Over at Get Rich Slowly, Holly Johnson from Club Thrifty recently had an article about her foray into the world of credit card churning. Relative to the fun we have with credit cards, her adventures are fairly tame. We were struck by one passage, though:
Obviously there are some people who would say that we are gaming the system. Their argument may be that the credit card bonuses are meant to secure long-term customers, not to provide some extra cash to take my family to Applebee’s. Some may feel that we are just using the banks for our own gain.
This is not an uncommon reaction. The techniques and tactics we advocate here at PFD are not particularly popular with the general population, and one factor is a general level of discomfort with them due to the fact that it may just not feel right for some unarticulated reason. We here at PFD think any views that card churning (defined as, for example, applying for three cards at once to reap the bonuses, then repeating) are immoral are mistaken, and we would like to explain why.
There is a tendency to anthropomorphize companies in deciding how to do business with them–that is, we treat them as though they are people. This practice has varying degrees of validity. If you’re buying something from a mom and pop operation, then by all means treat the business exactly as you would a person, because the business effectively is a person.
Chase (we’re going to pick on Chase here, but feel free to substitute the name of any other big bank), on the other hand, is a different story. I think that the underlying sentiment the quoted passage is getting at is the principle of reciprocity–the feeling that if somebody does something for you, you should repay the favor. Since Chase is extending you credit and giving you a nice prize, the sentiment goes, you shouldn’t abuse their generous rewards.
It’s an honorable sentiment, but it is misapplied here. Chase isn’t doing something nice for you, or for anybody else. Chase is giving you these rewards in the hope that what you give them in interchange, interest, and fees will outweigh the rewards. Chase is a corporation, an abstract entity given quasi-person status by law, and it is in the business of lending money to consumers and getting it back with interest.
Chase itself does not abide by the standard of reciprocity. It cannot afford to and it would not be able to even it could afford it, because banks are required by both law and business conditions to run their business in a certain way.
Not only that, but Chase can be quite cold-blooded in pursuing its interests. Have you ever read the terms and conditions on their rewards? They essentially say that Chase can take back your rewards whenever they want to for whatever reason they see fit. And Chase did just that recently.
In 2010, Chase offered 5% unlimited cashback for the first six months on its AARP card. A lot of people signed up, and then–you’re not going to believe this–a lot of people sought unlimited cashback in very creative ways. To give just one example of the creativity, we’ll remind you that at this point in time you could still order dollar coins from the U.S. Mint with free shipping at a thousand dollars a pop.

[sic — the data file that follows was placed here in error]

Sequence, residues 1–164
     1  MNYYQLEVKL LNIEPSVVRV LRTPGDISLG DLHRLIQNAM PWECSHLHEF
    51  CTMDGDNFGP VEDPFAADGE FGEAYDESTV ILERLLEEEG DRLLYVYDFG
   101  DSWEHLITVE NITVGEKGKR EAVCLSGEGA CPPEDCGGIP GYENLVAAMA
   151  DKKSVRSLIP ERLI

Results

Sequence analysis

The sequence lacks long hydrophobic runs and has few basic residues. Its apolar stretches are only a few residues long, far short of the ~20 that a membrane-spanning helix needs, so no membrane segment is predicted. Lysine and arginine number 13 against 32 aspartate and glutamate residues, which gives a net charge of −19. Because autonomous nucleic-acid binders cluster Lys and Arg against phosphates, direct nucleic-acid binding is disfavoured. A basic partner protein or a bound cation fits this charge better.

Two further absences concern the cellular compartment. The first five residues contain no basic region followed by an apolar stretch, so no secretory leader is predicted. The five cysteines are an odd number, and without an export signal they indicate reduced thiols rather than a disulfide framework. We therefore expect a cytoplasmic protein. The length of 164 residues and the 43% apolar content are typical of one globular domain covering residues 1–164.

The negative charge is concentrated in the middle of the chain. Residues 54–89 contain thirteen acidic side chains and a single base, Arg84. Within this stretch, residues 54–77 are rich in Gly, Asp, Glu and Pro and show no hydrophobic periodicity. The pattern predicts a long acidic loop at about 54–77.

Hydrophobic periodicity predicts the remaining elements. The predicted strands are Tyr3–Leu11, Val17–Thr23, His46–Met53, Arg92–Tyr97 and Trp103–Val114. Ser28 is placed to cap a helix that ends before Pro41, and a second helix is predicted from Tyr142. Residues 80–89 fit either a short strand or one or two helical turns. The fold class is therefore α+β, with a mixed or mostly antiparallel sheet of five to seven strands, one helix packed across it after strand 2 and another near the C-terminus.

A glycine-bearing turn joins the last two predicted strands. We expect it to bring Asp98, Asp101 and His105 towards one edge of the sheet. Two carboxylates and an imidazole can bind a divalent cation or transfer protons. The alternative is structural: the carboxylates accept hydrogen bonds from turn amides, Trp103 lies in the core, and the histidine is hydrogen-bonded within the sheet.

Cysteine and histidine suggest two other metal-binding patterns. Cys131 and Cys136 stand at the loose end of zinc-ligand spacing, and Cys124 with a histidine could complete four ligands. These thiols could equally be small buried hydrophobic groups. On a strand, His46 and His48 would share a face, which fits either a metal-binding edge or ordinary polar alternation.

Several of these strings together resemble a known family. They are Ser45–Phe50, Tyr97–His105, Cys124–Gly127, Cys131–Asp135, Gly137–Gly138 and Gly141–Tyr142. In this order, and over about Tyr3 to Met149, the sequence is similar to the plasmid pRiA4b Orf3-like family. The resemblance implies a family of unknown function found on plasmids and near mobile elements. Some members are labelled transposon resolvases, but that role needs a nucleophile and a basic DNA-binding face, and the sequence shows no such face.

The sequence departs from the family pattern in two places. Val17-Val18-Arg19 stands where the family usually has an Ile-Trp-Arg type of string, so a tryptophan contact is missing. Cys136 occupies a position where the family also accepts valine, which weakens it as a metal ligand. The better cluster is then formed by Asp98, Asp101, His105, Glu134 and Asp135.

Now, Chase’s marketing division offered unlimited cashback as a hook to get people to sign up for their credit card. They eventually found that this was an unwise offer on their part and then changed their minds about it after the fact. They didn’t just, say, refuse to pay out on certain quasi-cash transactions, which would have been defensible, but they refused to pay out rewards completely for a significant number of people (if you’re willing to spend some time digging through 4,000 posts, you can read about the whole sordid affair on Fatwallet).
Chase eventually changed their mind on this and gave back the rewards. Not because of a change of heart, but because enough people raised enough of a stink with regulators and other powers-that-be that Chase felt it was in their interest to actually fulfill the terms of their marketing pitch to avoid a legal or PR fallout.
Why did this whole fiasco happen? We’re almost positive that some decision-maker at Chase was looking to make a name for himself and get promoted. Solution: offer a great sign-up deal! Goose the numbers by showing great card acquisition numbers, then you either get promoted or hired away by another company and let the next guy clean up the mess. We’ve seen it before in our former life as a banker and we’re sure you’ve seen it in your career too. But these are not the actions of a person due reciprocity. They are the actions of a poorly managed, sociopathic company.
Let us be clear: the fact that Chase is not due the same level of consideration as the corner hardware store does not give you license to lie, cheat, and steal. You still have legal obligations and responsibilities, obviously.
So firing off a bunch of apps, then repeating every few months–is that gaming the system? You bet it is. How about processing customer transactions from smallest to biggest in order to maximize late fee revenue–is that gaming the system? How about signing up unsophisticated customers for mortgages they can’t afford, then selling those mortgages on the secondary market to pension funds and other unsuspecting investors–is that gaming the system? It is all that and more, and banks have an unfair advantage over the general population because they have in their employ hordes of lawyers and MBAs whose job it is to make things more complicated and/or tilt the playing field in the banks’ favor. Disagree? Give those terms and conditions they include with every credit card a thorough reading and get back to us.
When you game the system, you’re leveling the playing field. It is senseless to handicap yourself in dealing with the big guys out of a misguided sense of honor. Take control and make the banks work for you, and we’ll eventually teach them how to behave.